Growing up, I was raised in a Catholic family that taught me a lot more about fear than it did about love.
Like most people who grow up in Catholic homes, I understood guilt more than I understood my divinity and my connection to God. Despite feeling lost and confused by all of this, I took a lot of things away from it that stick with me to do this day.
The most important thing was a belief in something greater than myself. I always found it easy to accept the idea of something big and glorious permeating the whole Universe - something bigger than everything, like a warm blanket that held us all, even though we couldn't see it. The idea that there was something out there that unconditionally loved everyone, including me, made more sense to me than most other things in the world.
It wasn't until I was an adult and seeking my own answers that I began to understand that the pure, divine love of God isn't just something "out there", but something within me, and within all of us.
As I grew older, the guilt and fear I had buried in me became mixed with endless feelings of insecurity and self-loathing. I felt ill-equipped to face the world. I suffered from constant anxiety, particularly in social settings. I didn't believe in myself. I didn't know how to feel good, and by my early twenties, I was drowning in doubt and fear.
Like most people suffering from depression, I suffered silently. No one knew there was a problem until the day the cracks I'd so carefully concealed became too large and I could no longer hide my problems. I went into therapy and was put on anti-depressants. Therapy taught me something that I had never encountered before - I could talk about myself without feeling judged or afraid of punishment. I was also told for the first time that I'm in charge of my life. Even though past issues and circumstances had brought me to this point, I had the power within me to change it all.
This seed of an idea - that I am not powerless and helpless, but rather filled with latent abilities to thrive - would slowly change everything for me.
After a year on anti-depressants I felt that there must be a better way for me. I didn't believe there was something fundamentally wrong with my mind. I didn't believe I had been born this way. After all, I had once been a happy child who knew nothing of this kind of darkness. Surely that bright, radiant person must still be within me. I just needed to find the right tools. I needed to find how to manage stress and anxiety. I needed to understand my own innate worthiness, which had nothing to do with success, appearance, approval or status. It had to do with the fact that I existed, and my own existence was proof that I belong here and am part of something bigger.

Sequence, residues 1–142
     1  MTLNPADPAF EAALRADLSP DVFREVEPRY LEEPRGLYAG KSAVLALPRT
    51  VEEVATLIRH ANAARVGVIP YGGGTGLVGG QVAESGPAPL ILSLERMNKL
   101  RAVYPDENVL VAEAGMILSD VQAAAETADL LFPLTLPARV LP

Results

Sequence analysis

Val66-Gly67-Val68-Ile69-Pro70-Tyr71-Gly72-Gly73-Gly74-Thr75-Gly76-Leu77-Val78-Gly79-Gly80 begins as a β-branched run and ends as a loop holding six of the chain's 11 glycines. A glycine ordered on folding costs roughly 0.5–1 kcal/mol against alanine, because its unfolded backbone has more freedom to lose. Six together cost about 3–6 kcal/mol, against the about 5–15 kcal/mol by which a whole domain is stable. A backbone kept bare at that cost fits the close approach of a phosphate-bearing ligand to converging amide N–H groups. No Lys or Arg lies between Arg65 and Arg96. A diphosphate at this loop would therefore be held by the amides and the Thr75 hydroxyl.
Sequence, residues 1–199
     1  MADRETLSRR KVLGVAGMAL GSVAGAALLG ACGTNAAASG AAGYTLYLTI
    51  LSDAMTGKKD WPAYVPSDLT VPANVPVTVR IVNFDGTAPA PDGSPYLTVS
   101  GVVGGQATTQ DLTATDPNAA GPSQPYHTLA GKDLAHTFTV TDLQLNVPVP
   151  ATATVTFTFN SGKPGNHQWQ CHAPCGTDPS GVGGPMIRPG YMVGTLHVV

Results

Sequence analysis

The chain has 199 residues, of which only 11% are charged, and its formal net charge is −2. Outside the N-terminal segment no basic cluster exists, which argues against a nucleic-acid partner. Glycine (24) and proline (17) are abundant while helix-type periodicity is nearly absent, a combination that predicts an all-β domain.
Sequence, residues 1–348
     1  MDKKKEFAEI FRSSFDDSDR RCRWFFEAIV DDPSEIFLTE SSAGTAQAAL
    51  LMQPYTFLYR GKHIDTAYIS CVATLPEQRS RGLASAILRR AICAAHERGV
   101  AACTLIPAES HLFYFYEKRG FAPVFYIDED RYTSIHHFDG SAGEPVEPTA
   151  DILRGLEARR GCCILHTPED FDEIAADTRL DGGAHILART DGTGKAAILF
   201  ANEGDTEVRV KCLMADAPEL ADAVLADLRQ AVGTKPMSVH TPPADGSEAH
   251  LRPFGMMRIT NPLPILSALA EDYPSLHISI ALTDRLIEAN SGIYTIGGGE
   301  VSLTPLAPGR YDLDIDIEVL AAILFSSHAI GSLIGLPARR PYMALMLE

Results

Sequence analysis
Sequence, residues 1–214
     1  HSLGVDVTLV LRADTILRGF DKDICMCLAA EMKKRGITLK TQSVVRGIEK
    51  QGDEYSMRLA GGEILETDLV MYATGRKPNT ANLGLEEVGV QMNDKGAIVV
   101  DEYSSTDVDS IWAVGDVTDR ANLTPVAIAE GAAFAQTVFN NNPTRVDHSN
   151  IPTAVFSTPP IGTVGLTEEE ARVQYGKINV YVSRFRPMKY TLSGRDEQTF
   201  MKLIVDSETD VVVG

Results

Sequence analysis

When I went off my anti-depressants I was 22. I had no idea of the rocky road ahead of me. Seeking new and unknown ways of living and looking at myself challenged everything I had known up until that point. I was thrust into an endless state of discomfort and drifting.
For a long time I was a mess, caught between wanting to return to simply burying it all, and feeling so close to finding a new and better way.
It wasn't until I was 25 that I began exploring meditation. Meditation changed everything. I had no idea where to begin, and as this was over a decade ago, I didn't know anyone that was exploring this also. I found audios online and I began to try different ways of breathing, visualizations that shifted my perspective and chants in words I didn't understand. I had no idea what was happening. I only knew something was happening and I had to know more.
After years of listening to all kinds of meditation tracks, my desire to share what was happening in my life was brimming forth from within me. I was experiencing genuine happiness. I no longer felt like I was reacting to life with fear, but instead flowing with it, like a thread weaving through a majestic tapestry.
I eventually began this website, partly as a way to connect with others, and partly as a way to continue my own journey. Realizing I was at the point where I was ready to make my own meditations, and to share what I had learned in my own way, was mind blowing.
I had no idea I could come that far. I had no idea change could be so big and profound I wouldn't even recognize my former self.
I hope you enjoy some of what I've shared within these pages. I am still learning, still growing and still amazed at the way life continues to surprise and confound me. If you have something to share with me in return, please use the form below. I don't know what brought you here, but I'm glad you came.
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